Let's go to the movies - Baltimore Post-ExaminerBaltimore Post-Examiner

Let’s go to the movies

Following is a review of various movies playing at your local cinema.  Or maybe it’s gone from the local movie house and now available on DVD.  Either way, take your pick and enjoy a night at the movies.

The first film is Les Miserables, based on the successful play which was based on the Victor Hugo novel.  It is enjoying a huge box office numbers, having earned more than 100 million in its first 13 days, and on target to being the highest grossing musical in North America.  It begins in Paris in 1815, during the French Revolution, and spans about 20 years.

It’s the story of Jean Valjean, imprisoned for 19 years and the policeman who follows him throughout his life.  The sets, costumes and songs are amazing.  The stars are Hugh Jackman, Russell Crowe and Anne Hathaway.  It does run nearly three hours.  I thoroughly enjoyed it and am guessing it will be one of the movies nominated for Best Picture.

djangoAnother film to consider is the Matt Damon vehicle, Promised Land.  He represents a company who sends him to a rural and impoverished part of Pennsylvania to persuade landowners to lease their land so his company can drill for natural gas.  This is known as fracking, a controversial method to say the least.  What he thought would be an in and out project turns out to be much more difficult.  And there is a bit of a surprise ending.  It kept my attention, which isn’t always easy to do.  Rated R.

I did like Django Unchained, based on a 1960’s spaghetti western with the same name.  Set in the south in 1858, it’s the story of a slave turned bounty hunter.  That would be Jamie Foxx.  He teams up with another bounty, played Christopf Waltz, who travel the country looking for men wanted by the law, killing them and then collecting the bounty.  In return for his help, Django is promised they will both look for his wife, taken as a slave to a Tennessee plantation, run by Leonardo DiCaprio.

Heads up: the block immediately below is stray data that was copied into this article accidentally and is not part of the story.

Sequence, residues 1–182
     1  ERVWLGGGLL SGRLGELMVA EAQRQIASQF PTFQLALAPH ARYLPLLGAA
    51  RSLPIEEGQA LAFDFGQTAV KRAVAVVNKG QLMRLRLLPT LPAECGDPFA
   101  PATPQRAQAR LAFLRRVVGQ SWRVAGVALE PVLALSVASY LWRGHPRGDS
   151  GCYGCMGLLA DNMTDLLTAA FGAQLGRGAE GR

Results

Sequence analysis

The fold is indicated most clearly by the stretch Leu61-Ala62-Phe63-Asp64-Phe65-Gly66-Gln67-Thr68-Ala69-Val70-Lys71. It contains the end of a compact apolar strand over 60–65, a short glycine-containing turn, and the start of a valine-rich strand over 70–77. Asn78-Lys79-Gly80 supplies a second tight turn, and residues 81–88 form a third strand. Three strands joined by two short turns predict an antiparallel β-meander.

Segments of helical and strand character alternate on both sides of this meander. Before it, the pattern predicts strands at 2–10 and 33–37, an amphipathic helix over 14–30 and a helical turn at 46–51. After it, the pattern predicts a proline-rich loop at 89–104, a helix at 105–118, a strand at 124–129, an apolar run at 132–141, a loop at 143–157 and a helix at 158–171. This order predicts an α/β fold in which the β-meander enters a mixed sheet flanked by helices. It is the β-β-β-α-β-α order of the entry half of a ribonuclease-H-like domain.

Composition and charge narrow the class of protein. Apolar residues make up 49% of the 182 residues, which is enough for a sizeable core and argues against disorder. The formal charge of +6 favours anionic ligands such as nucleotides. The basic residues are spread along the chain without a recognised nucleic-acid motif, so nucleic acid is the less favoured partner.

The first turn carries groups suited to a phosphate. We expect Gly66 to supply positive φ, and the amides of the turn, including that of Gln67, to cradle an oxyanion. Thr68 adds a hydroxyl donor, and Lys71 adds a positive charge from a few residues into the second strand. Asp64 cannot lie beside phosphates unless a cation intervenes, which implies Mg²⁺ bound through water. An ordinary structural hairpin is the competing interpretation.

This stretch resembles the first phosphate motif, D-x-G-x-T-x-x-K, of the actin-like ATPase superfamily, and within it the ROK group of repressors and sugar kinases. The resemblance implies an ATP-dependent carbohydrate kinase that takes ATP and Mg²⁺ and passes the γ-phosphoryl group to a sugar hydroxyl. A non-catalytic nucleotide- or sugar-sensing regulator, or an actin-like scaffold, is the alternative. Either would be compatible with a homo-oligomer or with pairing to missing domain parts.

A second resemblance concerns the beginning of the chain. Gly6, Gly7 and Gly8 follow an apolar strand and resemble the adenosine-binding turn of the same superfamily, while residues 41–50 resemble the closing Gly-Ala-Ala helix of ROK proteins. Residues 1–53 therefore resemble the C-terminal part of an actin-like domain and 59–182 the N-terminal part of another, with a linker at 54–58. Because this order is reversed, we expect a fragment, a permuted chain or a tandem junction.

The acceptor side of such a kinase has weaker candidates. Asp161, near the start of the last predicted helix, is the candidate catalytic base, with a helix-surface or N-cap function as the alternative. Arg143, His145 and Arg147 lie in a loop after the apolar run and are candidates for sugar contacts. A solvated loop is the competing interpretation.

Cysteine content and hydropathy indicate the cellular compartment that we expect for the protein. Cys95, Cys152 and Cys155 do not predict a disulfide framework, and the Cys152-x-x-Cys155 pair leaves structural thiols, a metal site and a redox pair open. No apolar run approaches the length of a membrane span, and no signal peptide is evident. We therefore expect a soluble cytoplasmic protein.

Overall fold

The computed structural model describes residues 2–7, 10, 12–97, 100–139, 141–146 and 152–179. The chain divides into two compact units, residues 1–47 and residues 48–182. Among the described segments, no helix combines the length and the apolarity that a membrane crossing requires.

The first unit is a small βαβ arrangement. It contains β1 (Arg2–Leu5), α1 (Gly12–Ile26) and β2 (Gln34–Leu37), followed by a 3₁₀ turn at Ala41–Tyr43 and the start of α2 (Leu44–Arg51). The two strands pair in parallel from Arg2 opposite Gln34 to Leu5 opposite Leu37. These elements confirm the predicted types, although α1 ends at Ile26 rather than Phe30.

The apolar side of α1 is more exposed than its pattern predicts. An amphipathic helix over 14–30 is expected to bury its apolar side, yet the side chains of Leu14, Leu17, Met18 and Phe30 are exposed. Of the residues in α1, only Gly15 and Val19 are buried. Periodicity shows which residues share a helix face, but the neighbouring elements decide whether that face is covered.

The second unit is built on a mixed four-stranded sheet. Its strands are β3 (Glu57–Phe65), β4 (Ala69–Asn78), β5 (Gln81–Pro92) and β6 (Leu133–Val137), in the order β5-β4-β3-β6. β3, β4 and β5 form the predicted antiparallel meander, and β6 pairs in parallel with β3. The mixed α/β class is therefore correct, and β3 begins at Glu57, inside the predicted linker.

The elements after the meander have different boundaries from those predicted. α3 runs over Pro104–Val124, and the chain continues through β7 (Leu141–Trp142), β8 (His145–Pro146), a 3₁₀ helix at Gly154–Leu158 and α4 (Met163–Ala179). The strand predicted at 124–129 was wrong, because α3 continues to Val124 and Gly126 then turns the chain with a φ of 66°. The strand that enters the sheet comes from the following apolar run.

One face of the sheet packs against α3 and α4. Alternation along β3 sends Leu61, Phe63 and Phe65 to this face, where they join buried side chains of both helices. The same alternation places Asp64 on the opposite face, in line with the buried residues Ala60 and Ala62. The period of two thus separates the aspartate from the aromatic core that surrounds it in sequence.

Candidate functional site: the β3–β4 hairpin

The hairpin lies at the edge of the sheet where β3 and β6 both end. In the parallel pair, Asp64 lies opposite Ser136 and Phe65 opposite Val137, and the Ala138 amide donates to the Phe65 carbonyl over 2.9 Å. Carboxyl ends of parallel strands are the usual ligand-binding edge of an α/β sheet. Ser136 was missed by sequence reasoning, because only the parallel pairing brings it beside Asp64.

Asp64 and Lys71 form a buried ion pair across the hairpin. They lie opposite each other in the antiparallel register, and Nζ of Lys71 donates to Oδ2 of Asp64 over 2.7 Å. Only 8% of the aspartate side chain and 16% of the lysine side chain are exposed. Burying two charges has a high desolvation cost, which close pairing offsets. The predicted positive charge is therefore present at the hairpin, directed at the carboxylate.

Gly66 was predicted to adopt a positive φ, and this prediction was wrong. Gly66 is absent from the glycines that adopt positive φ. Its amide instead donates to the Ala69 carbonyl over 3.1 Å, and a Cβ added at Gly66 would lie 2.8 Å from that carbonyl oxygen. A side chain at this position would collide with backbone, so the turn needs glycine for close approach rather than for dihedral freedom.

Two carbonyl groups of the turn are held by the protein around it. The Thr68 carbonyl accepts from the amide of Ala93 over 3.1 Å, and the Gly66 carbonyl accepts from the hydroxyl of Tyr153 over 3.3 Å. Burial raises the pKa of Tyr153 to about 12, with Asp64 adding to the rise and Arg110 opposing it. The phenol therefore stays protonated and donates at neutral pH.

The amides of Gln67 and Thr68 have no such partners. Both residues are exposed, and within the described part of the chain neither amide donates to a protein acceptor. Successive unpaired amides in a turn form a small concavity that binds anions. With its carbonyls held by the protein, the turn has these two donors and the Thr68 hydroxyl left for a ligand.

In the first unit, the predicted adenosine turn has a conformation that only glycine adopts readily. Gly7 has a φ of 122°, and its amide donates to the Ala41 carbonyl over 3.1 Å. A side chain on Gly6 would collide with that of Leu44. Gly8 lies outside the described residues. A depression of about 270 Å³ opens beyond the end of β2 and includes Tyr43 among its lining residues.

The film is violent, does have humor and it does run for about two and a half hours.  It was filmed in Wyoming and is nominated for two Golden Globes.  Also in the cast is Samuel L. Jackson.  I can recommend it, though it has generated some controversy due to the subject of slavery.  Rated R.

Here are three romantic comedies to consider.

guilt-tripWe’ll begin with Guilt Trip with Barbra Streisand and Seth Rogen, playing mother and son.  This is her first film in 16 years.  They go on a road trip together, not a good idea initially, but it winds up being all for the good as mother and son learn to get along better.  There are laughs along the way and some tender moments.  Incidentally, Streisand’s first movie was 44 years ago.

Then there’s This is 40 with Leslie Mann, Paul Rudd and Albert Brooks.  The film is all about family and all the bickering that goes along with being family.  Husband and wife fight day and night, parents and daughter fight day and night, but in the end you know it will all work out okay.  It was basically a funny movie, but at two hours and 15 minutes, a bit too long.  The charm of the film is in the two main characters.  Both are likable and easy to watch.  Generally I don’t think Hollywood does a very good job with these romantic comedies.  But in the case of these two, okay by me.  This next one however…

I really like Billy Crystal.  His hosting of the Oscars all those years was super.  And his films When Harry Met Sally and City Slickers were very funny.  His new one, Parental Guidance, where he stars along with Bette Midler is another story.  They play a married couple asked to babysit for their grandchildren.  Not so easy.  Their method of parenting is different from their kids, so trouble erupts right away.  The problem is simply, not enough laughs and some scenes were just plain silly.  It does have a PG rating so it is suitable for family viewing.





About the author

Eddie Applefeld

Eddie Applefeld is a Baltimore native and a graduate of Towson University. He has been in the broadcasting profession for over 30 years. Currently he is the Promotions Director of WCBM radio. Before that, he was part of the Rouse & Company show on WQSR, host of a cable TV show called Dining Out and adjunct instructor at Towson. His past accomplishments include being named a finalist in Baltimore Tourism's Employee of the Year Program and winner of Toastmaster's Speaker of the Year contest. He was also twice a heartthrob for the American Heart Association's gala fund raiser. Contact the author.
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